Can Bob Lutz and the Chinese Save Fisker?


If Bob Lutz is winding down, you wouldn't know it. The cigar-chomping former GM product chief is responsible, at least in part, for a host of cars you see on the road today — among them the Chevrolet Camaro, the Chevrolet Volt and the outgoing Cadillac CTS. Lutz turned 81 last February, but he's still a contributing writer at Forbes magazine, and that's just the tip of the iceberg. He's a board member at Utah-based Via Motors, which retrofits a few GM models with plug-in gas/electric drivetrains. And together with Michigan entrepreneur Gilbert Villarreal, he launched VL Automotive, a company that plans to retrofit gas-electric Fisker Karma sedans with GM-supplied, supercharged 6.2-liter V-8s.

Problem is, Fisker is sinking faster than "American Idol" ratings. Lutz said earlier this month that a Fisker bankruptcy wouldn't affect VL's immediate plans, but now it appears he's taking action. Reuters reports VL Automotive has teamed with Chinese parts supplier Wanxiang Group, which bought Fisker's bankrupt battery supplier earlier this year, to offer $20 million for Fisker as part of a packaged bankruptcy deal.

Fisker and representatives at both buyers declined comment to Reuters, but the potential deal illustrates just how far the California-based automaker has fallen. Reuters notes Fisker told investors it was worth nearly $2 billion as recently as December 2011. The automaker planned to build a more affordable sibling to the Karma called the Atlantic at a shuttered GM plant in Delaware, but the tide soon changed. The Department of Energy suspended a low-interest loan when Fisker failed to meet loan conditions, and the automaker laid off most of its work force in April. Reuters says it still owes some $171 million to the DOE.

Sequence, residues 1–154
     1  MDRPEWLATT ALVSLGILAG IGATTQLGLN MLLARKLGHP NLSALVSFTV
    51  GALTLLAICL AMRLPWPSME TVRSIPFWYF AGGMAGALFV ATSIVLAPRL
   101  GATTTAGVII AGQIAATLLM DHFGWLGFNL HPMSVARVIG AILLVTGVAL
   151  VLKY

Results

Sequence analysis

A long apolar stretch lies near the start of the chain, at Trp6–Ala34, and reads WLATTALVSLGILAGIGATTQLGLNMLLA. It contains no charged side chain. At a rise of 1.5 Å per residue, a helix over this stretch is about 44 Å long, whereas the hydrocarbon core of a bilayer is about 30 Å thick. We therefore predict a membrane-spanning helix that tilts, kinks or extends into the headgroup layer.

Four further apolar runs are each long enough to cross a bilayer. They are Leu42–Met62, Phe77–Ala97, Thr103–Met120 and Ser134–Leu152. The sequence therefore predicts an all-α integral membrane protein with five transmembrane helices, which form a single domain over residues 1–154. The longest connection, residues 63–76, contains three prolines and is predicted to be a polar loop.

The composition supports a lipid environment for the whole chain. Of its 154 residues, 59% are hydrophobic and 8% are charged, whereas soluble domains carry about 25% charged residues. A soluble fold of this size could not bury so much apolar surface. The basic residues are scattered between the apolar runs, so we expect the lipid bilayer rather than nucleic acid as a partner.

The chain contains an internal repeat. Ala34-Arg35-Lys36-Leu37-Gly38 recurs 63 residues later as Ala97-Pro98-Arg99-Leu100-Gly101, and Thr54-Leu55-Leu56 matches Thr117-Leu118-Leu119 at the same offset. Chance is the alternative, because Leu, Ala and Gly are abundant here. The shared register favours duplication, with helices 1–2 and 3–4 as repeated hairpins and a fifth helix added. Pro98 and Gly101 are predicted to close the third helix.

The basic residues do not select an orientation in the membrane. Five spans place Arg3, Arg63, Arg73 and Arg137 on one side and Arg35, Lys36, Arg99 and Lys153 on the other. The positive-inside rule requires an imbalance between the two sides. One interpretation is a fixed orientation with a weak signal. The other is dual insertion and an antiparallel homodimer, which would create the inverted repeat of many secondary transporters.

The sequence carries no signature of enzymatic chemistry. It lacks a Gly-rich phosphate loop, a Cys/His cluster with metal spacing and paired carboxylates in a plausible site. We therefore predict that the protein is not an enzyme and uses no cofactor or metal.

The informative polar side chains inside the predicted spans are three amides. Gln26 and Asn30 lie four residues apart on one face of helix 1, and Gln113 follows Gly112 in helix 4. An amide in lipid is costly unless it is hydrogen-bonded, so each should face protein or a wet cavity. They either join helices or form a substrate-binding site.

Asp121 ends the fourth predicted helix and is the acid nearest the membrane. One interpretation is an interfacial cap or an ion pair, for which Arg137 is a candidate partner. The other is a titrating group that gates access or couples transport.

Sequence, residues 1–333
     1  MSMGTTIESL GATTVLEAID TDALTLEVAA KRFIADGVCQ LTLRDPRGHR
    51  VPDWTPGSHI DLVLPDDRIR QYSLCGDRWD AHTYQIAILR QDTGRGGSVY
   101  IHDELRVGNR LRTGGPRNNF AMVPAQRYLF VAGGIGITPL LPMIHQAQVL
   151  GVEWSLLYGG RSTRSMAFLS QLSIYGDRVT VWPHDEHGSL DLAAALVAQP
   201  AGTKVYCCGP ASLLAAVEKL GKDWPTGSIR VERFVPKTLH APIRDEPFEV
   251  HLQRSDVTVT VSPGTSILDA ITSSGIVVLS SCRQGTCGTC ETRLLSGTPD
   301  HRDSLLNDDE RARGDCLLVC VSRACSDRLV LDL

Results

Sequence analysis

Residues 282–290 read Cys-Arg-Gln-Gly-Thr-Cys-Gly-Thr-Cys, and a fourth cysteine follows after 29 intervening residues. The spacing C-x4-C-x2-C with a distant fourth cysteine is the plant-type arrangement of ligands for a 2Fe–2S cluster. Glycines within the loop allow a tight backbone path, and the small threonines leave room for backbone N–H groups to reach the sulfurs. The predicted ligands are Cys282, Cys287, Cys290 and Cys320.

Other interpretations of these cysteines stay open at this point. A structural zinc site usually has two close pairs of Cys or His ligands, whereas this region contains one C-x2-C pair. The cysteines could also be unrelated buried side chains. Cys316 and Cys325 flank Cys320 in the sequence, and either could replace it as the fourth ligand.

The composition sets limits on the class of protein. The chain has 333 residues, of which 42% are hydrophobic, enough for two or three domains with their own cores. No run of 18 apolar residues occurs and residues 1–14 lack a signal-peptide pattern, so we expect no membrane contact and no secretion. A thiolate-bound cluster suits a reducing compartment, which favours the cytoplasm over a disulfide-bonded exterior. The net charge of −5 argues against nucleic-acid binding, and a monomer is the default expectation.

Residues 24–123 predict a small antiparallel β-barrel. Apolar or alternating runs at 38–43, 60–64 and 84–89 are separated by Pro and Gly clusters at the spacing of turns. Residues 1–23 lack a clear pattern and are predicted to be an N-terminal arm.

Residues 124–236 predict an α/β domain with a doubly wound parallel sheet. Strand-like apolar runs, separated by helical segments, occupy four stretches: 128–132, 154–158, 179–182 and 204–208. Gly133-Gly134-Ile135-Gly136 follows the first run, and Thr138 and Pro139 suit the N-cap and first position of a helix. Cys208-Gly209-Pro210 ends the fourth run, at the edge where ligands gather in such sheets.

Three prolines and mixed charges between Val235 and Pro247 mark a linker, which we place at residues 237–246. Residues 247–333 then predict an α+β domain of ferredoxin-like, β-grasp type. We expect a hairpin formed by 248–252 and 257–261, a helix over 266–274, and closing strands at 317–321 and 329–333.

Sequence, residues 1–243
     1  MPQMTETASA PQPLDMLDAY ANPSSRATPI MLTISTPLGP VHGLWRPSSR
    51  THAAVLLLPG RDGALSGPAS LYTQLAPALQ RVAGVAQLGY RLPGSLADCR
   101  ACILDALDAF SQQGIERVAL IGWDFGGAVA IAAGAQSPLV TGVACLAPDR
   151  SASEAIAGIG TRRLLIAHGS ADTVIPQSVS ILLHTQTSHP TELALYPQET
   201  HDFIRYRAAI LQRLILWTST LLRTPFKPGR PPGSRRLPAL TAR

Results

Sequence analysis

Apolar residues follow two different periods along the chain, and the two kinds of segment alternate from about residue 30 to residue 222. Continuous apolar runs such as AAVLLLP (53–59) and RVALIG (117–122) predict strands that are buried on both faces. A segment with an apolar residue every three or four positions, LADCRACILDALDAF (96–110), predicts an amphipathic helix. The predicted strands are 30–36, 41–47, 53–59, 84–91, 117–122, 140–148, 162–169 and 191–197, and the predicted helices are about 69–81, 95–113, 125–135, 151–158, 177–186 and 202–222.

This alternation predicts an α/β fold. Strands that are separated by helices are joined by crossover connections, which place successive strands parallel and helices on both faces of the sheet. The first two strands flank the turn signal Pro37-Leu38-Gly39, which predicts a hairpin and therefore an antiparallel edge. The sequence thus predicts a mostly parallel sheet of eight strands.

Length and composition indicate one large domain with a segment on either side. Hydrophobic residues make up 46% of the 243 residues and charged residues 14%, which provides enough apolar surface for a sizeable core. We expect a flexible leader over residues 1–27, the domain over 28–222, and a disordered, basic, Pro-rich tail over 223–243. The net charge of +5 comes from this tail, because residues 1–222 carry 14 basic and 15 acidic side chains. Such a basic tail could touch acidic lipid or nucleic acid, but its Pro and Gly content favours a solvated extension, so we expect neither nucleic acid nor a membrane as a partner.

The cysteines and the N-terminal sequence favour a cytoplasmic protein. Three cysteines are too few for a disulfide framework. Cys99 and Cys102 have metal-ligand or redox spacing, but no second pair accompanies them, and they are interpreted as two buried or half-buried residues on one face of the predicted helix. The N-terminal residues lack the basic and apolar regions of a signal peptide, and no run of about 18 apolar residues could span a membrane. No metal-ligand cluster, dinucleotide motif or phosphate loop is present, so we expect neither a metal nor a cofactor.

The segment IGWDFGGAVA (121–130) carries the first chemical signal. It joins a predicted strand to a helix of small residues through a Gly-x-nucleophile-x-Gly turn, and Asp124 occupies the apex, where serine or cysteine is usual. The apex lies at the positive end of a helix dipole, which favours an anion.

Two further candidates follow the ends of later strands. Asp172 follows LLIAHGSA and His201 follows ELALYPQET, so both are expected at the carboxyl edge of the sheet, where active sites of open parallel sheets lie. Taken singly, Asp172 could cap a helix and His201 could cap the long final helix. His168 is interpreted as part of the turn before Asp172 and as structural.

Will Lutz become a part owner in Fisker? Time — and money — will tell.

Related Reviews the 2012 Fisker Karma
Fisker Edges Closer to Bankruptcy as New Details Emerge
More Fisker News



If the Fisker brand is truly "sinking faster than American Idol ratings", why bother to continue trying to rescue it. The market did not seem to want it around, but maybe Lutz could modify a handful for collectors or museums. Once Fisker is finally gone, people probally won't even remember they were here in the first place.

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